In 1966, advertising exec Reyn Guyer was working on a promotion for shoe polish when he came up with the idea for a game where people used their feet. After enlisting the help of toy industry vets Chuck Foley and Neil Rabens, the idea for Twister was born. “As far as I knew, there were no games on the market where the players acted as the game pieces,” Guyer writes on his website. But Twister was far from an instant success - a Milton-Bradley competitor called it “sex in a box,” and Sears Roebuck thought it too risqué for their catalog. But after Johnny Carson played Twister with Eva Gabor on a segment of The Tonight Show, “it reversed the engines pretty quickly,” Guyer told Mental Floss. By Christmas, Twister was the game of the year, with 50 people lining up at the only store rumored to have it left in stock: the original Abercrombie & Fitch in New York. If you are looking to grab the classic for a family game night, Twister is available for purchase here.
New York Architect Alfred Mosher Butts created the famous tile game in 1933. It was originally called Lexico and later Criss-Cross Words, until Butt’s business partner James Brunot came up with the name “Scrabble.” Butts developed the number of letters and their point values by calculating letter frequency on the the front page of the New York Times, and most of the original rules have stayed the same. “That’s something pretty neat about the game. It hasn’t changed one iota. The previous squares are exactly what they were...the same 100 tiles and the same distribution,” Chris Cree, co-president of the North American Scrabble Players Association told Mental Floss. The highest-scoring word you could possibly get in a game of scrabble is OXYPHENBUTAZONE, which if placed on the top row would net you 1,782 points. You can purchase the game of words for your next family game night here.
After watching his 12-year-old son and his friends trying to throw curve balls with a regular baseball while playing in the backyard one summer in 1953, David Mullany decided to create a ball that was easier on the arm. After several attempts using different materials, Mullany created the white, perforated, lightweight plastic ball now known as the Wiffle Ball. Wiffle Ball has remained popular, in part, due to large tournaments organized by fans. The backyard classic can be purchased here.
Ruth Handler, the co-founder of Mattel, came up with the idea for Barbie after watching her daughter Barbara play with paper dolls of adult women over her baby dolls. Barbara and her friends "used them to play adult or teenage make-believe, imagining roles as college students, cheerleaders, and adults with careers," according to Barbie Media. Handler realized there was a niche market for dolls that allowed girls to imagine the future, and she named the doll Barbara Millicent Roberts after her daughter. Barbie debuted on March 9th, 1959 at the New York Toy Fair. The first Barbie doll sold for $3, but today, a mint condition original Barbie can fetch $27,000 at auction. Despite her long relationship with Ken, the male counterpart of Barbie introduced in 1961, Barbie has never been married or pregnant. And her popularity hasn’t faded after all these years - Mattel sells two Barbie dolls every second, with 172,800 dolls sold every single day. This Barbie Doctor playset is a great way to start a collection or add to an existing one.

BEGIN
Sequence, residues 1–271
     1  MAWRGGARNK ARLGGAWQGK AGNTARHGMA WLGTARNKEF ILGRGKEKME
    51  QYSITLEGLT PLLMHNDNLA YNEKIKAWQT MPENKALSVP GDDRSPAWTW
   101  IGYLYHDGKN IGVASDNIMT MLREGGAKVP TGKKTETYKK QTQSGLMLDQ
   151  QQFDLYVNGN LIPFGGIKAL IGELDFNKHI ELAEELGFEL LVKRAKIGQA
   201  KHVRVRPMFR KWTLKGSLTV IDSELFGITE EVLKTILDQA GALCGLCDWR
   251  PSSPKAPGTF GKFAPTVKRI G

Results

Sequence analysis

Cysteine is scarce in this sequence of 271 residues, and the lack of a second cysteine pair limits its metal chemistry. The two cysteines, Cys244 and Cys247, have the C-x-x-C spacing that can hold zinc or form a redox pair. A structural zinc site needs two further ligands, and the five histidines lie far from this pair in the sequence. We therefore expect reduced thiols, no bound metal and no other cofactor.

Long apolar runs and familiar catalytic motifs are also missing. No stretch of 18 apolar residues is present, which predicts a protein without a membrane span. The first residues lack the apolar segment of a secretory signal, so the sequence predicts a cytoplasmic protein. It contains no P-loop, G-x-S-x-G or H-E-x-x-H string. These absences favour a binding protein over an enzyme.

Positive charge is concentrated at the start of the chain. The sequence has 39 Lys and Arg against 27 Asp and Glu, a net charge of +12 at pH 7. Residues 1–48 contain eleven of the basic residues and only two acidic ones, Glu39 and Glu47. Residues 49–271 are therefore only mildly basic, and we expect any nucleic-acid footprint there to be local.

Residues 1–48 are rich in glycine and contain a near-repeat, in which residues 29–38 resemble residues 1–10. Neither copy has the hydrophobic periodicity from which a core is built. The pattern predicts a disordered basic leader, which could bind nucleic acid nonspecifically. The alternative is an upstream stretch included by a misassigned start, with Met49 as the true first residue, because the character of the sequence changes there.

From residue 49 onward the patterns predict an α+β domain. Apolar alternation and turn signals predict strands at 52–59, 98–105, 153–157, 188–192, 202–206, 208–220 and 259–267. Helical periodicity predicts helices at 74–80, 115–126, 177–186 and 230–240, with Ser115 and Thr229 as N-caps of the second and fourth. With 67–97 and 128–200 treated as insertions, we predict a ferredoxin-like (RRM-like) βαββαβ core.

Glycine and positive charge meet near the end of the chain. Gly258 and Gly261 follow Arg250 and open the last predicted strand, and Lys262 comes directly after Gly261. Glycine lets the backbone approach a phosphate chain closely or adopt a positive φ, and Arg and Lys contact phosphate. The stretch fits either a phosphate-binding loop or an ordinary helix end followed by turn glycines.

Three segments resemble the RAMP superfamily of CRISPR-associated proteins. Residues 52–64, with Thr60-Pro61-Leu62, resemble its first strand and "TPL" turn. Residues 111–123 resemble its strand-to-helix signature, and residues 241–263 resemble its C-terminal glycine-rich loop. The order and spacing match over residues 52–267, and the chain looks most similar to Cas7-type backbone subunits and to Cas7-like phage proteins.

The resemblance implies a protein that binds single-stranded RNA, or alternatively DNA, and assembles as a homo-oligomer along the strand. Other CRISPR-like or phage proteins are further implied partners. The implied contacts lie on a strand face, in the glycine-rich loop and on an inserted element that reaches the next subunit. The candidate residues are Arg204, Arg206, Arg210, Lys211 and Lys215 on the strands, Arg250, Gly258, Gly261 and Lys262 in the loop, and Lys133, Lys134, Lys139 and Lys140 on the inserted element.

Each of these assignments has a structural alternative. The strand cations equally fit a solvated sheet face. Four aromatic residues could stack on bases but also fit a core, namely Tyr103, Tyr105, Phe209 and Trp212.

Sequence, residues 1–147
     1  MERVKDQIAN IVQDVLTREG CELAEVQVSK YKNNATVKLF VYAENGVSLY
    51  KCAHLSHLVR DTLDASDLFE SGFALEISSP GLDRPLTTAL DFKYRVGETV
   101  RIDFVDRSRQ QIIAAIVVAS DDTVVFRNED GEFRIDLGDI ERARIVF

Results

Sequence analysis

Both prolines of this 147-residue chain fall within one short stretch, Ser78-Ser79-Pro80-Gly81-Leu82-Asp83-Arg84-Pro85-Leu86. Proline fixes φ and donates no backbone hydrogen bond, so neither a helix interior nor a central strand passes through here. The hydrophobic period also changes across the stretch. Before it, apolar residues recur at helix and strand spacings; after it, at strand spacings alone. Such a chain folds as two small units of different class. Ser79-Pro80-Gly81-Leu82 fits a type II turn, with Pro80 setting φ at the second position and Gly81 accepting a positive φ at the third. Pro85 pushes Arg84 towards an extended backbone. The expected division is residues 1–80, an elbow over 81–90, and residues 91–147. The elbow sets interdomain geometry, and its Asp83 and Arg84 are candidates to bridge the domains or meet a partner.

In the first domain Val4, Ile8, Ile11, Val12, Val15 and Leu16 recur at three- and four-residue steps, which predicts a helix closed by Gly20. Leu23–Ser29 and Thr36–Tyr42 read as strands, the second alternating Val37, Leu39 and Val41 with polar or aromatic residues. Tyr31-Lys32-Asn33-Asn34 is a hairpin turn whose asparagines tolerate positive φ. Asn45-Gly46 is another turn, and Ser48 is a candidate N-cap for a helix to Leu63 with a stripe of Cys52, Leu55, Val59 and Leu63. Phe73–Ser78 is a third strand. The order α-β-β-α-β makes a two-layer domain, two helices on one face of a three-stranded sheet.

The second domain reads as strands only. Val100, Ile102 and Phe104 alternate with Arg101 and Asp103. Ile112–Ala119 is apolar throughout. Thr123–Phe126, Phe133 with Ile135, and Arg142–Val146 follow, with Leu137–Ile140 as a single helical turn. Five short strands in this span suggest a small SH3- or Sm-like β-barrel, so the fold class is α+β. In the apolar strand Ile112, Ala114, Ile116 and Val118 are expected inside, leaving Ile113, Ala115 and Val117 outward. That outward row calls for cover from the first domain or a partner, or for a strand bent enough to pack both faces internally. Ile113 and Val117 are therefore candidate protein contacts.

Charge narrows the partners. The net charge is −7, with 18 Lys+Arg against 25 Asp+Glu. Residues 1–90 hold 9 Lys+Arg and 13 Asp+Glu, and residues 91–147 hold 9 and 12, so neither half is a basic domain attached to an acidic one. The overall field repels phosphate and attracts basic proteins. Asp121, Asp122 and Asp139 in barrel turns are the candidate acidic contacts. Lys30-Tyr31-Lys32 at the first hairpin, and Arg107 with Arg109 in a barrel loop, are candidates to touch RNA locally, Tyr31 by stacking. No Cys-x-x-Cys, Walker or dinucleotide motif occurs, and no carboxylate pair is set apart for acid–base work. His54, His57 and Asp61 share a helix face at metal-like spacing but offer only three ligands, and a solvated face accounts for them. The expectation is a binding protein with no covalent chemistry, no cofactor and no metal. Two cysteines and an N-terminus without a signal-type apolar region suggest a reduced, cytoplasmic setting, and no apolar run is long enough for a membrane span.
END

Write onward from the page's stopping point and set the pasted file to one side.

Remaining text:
Inspired by the success of Barbie, inventor Stan Weston wanted to create a similar toy for boys. In 1964, G.I. Joe Action Figures hit store shelves. The term “action figure” was specifically coined as a marketing strategy for G.I. Joes, as executives at Hasbro were worried boys wouldn’t want to play with “dolls.” The original lineup of 11 1/2-inch characters included one from each branch of the U.S. military: Action Soldier, Action Pilot, Action Marine, and Action Sailor. Sales struggled in the 1970s, when the Vietnam War made war-related items taboo. G.I. Joe saw a revival following the release of Star Wars and the subsequent toy line. Hasbro shrank their action figures to 3 3/4 inches to match the sizes made popular by Star Wars toys, but returned to the original size in the 1990s. By 2004, Hasbro had sold more than 400 million G.I. Joe figures, according to the National Toy Hall of Fame. Grab a 50th anniversary edition G.I. Joe Action Figure Set here.
When Thomas Dam couldn’t afford a Christmas present for his daughter in 1959, the Danish woodcutter and fisherman hand-carved a “Good Luck Troll” in his workshop. When the other children saw the doll, they all wanted one. Dam started making plastic dolls, complete with glass eyes and wool hair. Troll Dolls spread across Europe and eventually made its way to the store shelves of the U.S. Despite their immense popularity, Dam struggled making much profit off of Troll Dolls sold in the United States. Because of a loophole in his patent, Dam’s creation was duplicated and sold without royalties going back to the toy inventor as toy companies flooded the market with trolls. In 2003, the Toy Industry Association named the trolls to its Century of Toys List, a list of the 100 most creative and memorable toys during the 20th century. You can grab these inexpensive and cute toys here.
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